Protein is an integral part of our diet, it is about 17% of body weight and is a major component of our muscles, skin, internal organs, especially the heart and the brain, eyes, hair, and nails. But what to do for vegans or people who don’t like meat? Nutritionist Nicola Shubrook, lists the most valuable sources of protein in plant foods.
“Plant food can be a great source of protein and a real benefit, helping to reduce the amount of animal protein in the diet, regardless of whether you are omnivore, vegetarian or vegan”. says Mr. Shubrook.
Legumes are a great, low-fat and affordable source of vegetable protein, and can provide dietary diversity.
Lentils: about 8-9 grams of protein per 100 g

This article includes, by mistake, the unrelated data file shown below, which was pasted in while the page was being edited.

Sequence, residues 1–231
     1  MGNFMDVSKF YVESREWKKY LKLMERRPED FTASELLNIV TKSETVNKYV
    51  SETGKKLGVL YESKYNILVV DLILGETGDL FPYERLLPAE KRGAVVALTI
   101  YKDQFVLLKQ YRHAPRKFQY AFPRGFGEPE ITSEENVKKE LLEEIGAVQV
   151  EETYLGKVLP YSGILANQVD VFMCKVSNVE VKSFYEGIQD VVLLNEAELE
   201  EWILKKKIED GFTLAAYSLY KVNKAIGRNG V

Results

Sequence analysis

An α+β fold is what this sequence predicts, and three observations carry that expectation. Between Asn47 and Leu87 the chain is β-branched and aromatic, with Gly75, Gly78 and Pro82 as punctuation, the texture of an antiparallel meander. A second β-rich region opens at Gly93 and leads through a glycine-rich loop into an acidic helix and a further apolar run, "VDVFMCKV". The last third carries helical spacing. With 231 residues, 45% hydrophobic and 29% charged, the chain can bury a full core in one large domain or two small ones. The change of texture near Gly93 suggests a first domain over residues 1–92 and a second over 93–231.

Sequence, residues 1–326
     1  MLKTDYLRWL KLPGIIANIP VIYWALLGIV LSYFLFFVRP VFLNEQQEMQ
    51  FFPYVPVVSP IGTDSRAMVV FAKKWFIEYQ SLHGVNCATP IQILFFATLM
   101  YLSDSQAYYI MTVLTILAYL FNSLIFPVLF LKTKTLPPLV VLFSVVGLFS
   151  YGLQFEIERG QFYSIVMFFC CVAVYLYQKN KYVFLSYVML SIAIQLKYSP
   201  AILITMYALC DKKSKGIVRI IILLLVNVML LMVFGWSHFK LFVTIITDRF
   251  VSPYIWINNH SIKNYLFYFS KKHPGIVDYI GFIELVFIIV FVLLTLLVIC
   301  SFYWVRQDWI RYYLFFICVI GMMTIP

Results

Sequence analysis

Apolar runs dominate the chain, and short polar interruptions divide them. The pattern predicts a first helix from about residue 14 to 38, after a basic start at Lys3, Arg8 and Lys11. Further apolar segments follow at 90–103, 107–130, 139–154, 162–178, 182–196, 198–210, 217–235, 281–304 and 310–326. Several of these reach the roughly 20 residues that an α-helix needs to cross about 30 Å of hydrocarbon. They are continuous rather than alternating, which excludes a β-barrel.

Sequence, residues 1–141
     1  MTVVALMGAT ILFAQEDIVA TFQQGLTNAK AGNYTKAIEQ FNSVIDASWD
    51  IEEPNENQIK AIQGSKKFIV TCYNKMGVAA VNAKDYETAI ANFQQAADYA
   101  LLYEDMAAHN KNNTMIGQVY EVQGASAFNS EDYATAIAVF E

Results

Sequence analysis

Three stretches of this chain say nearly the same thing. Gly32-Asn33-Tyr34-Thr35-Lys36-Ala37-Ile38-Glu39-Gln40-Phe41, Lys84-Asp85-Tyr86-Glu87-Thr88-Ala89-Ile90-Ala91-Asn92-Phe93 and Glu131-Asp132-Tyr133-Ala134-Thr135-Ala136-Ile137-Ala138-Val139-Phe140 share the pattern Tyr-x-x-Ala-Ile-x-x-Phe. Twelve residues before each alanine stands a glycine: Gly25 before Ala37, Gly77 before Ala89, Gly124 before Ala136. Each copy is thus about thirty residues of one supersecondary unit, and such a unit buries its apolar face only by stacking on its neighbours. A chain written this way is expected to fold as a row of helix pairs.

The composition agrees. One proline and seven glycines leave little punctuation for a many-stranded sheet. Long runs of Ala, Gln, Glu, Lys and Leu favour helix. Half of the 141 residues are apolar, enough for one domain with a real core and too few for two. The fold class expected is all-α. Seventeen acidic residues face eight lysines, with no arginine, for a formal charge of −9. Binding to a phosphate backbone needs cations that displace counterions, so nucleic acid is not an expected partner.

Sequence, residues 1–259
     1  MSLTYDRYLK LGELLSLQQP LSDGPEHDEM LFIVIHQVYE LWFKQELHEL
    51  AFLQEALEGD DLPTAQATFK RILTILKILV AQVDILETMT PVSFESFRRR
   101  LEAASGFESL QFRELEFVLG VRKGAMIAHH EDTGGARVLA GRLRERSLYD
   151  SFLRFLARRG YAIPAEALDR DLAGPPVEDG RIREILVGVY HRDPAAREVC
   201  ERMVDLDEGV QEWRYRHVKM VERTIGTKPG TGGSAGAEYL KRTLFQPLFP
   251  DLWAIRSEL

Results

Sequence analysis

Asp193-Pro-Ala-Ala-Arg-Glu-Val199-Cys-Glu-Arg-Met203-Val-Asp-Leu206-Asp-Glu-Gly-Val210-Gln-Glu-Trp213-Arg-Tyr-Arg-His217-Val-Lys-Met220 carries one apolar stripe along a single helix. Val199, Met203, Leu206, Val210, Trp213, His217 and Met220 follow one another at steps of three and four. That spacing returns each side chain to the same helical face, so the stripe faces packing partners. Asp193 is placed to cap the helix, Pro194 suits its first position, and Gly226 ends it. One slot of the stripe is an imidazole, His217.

Chickpeas: 7 g protein per 100 g
Peas — about 7 g per 100 g
Beans (all types): from 7 to 10 g protein per 100 g
Tofu prepared from soybean 100 grams of this product provide 8 g of protein. Tofu is very versatile because it can be prepared in different ways, including baking and frying, but also add it to soups.
Nuts and seeds
Hemp seeds — 5 grams per tablespoon with slide
Crushed flax seed — 3 g per tablespoon with slide
Almonds — 3 grams of protein in every six nuts
Walnuts — about 3 grams of protein for every three whole walnuts
Pumpkin seeds — 4 grams per tablespoon
Cashew nuts — 3 g per 10 nuts
Brazil nuts — 4 g six nuts
Although oats are a complex carbohydrate providing a slow release of energy, it is also an excellent source of protein packing 10 g per 100 g
Asparagus — almost 2 g of protein per six copies
Avocado — more than 1 g ? avocado
Broccoli — about 3 g per 80 g broccoli
Brussels sprouts — about 2 g to 80 g
Cauliflower — 1.5 g per serving 80 g
Jerusalem artichoke — more than 1 g of protein per 80 g